- Spaak, Paul-Henri Charles
- (1899-1972)Paul-Henri Spaak was born in Schaerbeek on 25 January 1899. He undertook secondary studies at the Athénée de Saint-Gilles and spent World War I as a prisoner of war in Germany. He earned a degree in law at the Université libre de Bruxelles and launched a career in law and politics, the latter of which quickly came to predominate. Elected a deputy from Brussels to the Chamber of Representatives on 27 November 1932 as a moderate Socialist, he held various cabinet posts after 1935 and served almost continuously as foreign minister from 1938 to 1945. Spaak spent World War II in exile in London where he worked on proposals for a postwar Benelux customs union. He served three times as prime minister (1938-1939, 1946, 1947-1949). Again foreign minister in postwar governments (1954-1957, 1961-1966), he earned international stature as the first president of the General Assembly of the United Nations (1946), chairman of the Council for European Recovery (1948-1949), and secretary general of the North Atlantic Treaty Organization (NATO) (1957-1961). A strong promoter of European political and economic unification, Spaak worked with his counterparts from the Netherlands and Luxembourg and the resulting Spaak Report served as the basis for the creation of the Common Market (1957), the precursor of the European Union.Spaak surprised domestic public opinion in moving, during his last years, from advocacy of a unitary Belgian state to support for feder-alization. As a member of the opposition, he voted reluctantly against relocation of NATO headquarters to Belgium. He retired thereafter and died in Brussels on 31 July 1972.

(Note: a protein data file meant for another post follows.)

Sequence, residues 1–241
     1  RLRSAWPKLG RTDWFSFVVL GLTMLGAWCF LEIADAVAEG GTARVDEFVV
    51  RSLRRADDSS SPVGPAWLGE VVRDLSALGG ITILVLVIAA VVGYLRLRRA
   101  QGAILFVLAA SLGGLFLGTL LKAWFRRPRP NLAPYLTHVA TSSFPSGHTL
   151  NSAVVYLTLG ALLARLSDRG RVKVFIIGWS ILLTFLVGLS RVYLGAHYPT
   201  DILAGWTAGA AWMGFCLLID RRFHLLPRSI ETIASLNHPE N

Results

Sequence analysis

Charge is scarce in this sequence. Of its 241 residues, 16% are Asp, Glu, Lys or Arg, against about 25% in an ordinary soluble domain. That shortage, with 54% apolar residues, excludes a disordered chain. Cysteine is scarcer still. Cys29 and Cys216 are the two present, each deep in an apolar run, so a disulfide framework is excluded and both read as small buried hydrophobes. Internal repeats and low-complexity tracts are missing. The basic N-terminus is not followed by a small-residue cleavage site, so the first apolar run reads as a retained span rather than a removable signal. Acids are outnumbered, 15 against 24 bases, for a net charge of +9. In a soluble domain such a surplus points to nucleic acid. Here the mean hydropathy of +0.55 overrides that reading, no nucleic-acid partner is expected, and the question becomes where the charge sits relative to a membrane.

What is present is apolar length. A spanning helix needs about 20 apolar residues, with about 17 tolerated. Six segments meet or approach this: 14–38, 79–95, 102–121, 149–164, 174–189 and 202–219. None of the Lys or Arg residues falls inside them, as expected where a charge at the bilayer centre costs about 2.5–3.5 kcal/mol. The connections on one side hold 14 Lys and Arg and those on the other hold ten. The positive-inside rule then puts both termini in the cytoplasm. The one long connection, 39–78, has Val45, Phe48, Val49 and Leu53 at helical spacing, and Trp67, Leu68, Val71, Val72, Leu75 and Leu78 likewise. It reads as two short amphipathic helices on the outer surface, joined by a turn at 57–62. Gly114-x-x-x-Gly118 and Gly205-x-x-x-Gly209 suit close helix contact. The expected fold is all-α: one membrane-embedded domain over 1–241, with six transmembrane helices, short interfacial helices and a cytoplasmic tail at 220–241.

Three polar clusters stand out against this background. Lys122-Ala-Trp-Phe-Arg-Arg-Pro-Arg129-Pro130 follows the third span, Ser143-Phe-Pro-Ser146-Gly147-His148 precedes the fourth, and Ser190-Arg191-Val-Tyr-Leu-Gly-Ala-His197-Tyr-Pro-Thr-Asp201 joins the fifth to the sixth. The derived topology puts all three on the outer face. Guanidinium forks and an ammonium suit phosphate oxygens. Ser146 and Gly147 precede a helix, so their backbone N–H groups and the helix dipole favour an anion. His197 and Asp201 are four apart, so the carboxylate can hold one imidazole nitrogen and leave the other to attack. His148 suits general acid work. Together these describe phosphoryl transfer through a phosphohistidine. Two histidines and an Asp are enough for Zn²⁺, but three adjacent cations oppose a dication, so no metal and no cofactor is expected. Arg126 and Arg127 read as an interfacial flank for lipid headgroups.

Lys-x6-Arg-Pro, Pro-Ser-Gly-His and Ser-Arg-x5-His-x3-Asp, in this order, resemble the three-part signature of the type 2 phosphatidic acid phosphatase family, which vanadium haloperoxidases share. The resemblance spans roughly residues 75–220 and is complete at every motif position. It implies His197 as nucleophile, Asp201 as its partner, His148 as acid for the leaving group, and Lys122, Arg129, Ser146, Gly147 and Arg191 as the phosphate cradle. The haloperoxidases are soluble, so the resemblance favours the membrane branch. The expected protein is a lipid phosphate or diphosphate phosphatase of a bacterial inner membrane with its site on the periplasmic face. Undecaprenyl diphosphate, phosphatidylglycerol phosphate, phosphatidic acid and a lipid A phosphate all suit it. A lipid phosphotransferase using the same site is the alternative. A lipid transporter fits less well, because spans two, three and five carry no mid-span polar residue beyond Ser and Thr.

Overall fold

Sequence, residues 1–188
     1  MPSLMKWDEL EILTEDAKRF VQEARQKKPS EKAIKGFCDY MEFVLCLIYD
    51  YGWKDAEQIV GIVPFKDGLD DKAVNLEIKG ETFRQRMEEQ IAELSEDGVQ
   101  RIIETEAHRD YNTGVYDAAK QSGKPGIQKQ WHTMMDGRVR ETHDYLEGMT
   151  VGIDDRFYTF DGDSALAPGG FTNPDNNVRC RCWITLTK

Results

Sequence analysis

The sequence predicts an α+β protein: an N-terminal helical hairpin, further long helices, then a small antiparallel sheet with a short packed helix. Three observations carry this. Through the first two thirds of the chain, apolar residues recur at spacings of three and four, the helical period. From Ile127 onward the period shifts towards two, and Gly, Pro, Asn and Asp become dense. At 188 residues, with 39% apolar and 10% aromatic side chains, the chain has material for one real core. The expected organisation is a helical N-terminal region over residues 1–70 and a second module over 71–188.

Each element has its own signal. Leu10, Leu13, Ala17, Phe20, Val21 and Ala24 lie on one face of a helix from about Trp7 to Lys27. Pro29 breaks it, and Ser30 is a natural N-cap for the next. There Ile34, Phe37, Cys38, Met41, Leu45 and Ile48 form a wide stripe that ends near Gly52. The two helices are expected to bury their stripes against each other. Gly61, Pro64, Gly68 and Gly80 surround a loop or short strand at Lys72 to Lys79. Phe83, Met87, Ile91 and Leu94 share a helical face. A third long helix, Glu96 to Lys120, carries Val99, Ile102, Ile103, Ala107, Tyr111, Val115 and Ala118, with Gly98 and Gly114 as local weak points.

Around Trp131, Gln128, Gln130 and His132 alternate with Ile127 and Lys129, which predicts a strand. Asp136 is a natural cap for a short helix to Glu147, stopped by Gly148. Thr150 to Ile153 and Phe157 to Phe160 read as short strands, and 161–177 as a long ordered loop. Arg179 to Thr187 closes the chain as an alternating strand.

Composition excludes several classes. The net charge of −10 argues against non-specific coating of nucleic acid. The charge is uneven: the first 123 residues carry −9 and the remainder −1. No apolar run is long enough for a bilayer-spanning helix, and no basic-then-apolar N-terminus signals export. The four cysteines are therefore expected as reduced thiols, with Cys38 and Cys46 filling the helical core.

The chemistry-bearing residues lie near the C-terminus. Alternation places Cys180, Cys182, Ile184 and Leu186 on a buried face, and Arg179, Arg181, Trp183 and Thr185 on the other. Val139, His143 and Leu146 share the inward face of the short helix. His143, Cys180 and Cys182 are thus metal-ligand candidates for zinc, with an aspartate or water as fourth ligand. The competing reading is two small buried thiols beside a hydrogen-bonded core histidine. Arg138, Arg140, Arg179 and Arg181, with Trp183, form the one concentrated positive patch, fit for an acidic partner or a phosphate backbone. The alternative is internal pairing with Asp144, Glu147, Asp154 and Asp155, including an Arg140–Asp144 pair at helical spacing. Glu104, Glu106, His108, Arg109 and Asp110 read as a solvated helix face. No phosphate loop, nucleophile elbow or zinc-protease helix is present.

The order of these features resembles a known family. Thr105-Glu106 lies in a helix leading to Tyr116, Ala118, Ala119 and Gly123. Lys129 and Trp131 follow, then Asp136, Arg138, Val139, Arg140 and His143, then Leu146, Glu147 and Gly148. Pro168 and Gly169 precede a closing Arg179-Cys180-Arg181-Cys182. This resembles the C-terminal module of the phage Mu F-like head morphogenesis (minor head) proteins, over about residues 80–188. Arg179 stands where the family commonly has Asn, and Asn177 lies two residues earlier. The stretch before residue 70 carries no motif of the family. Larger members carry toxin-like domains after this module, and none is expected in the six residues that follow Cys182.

Historical Dictionary of Brussels. Paul F. State.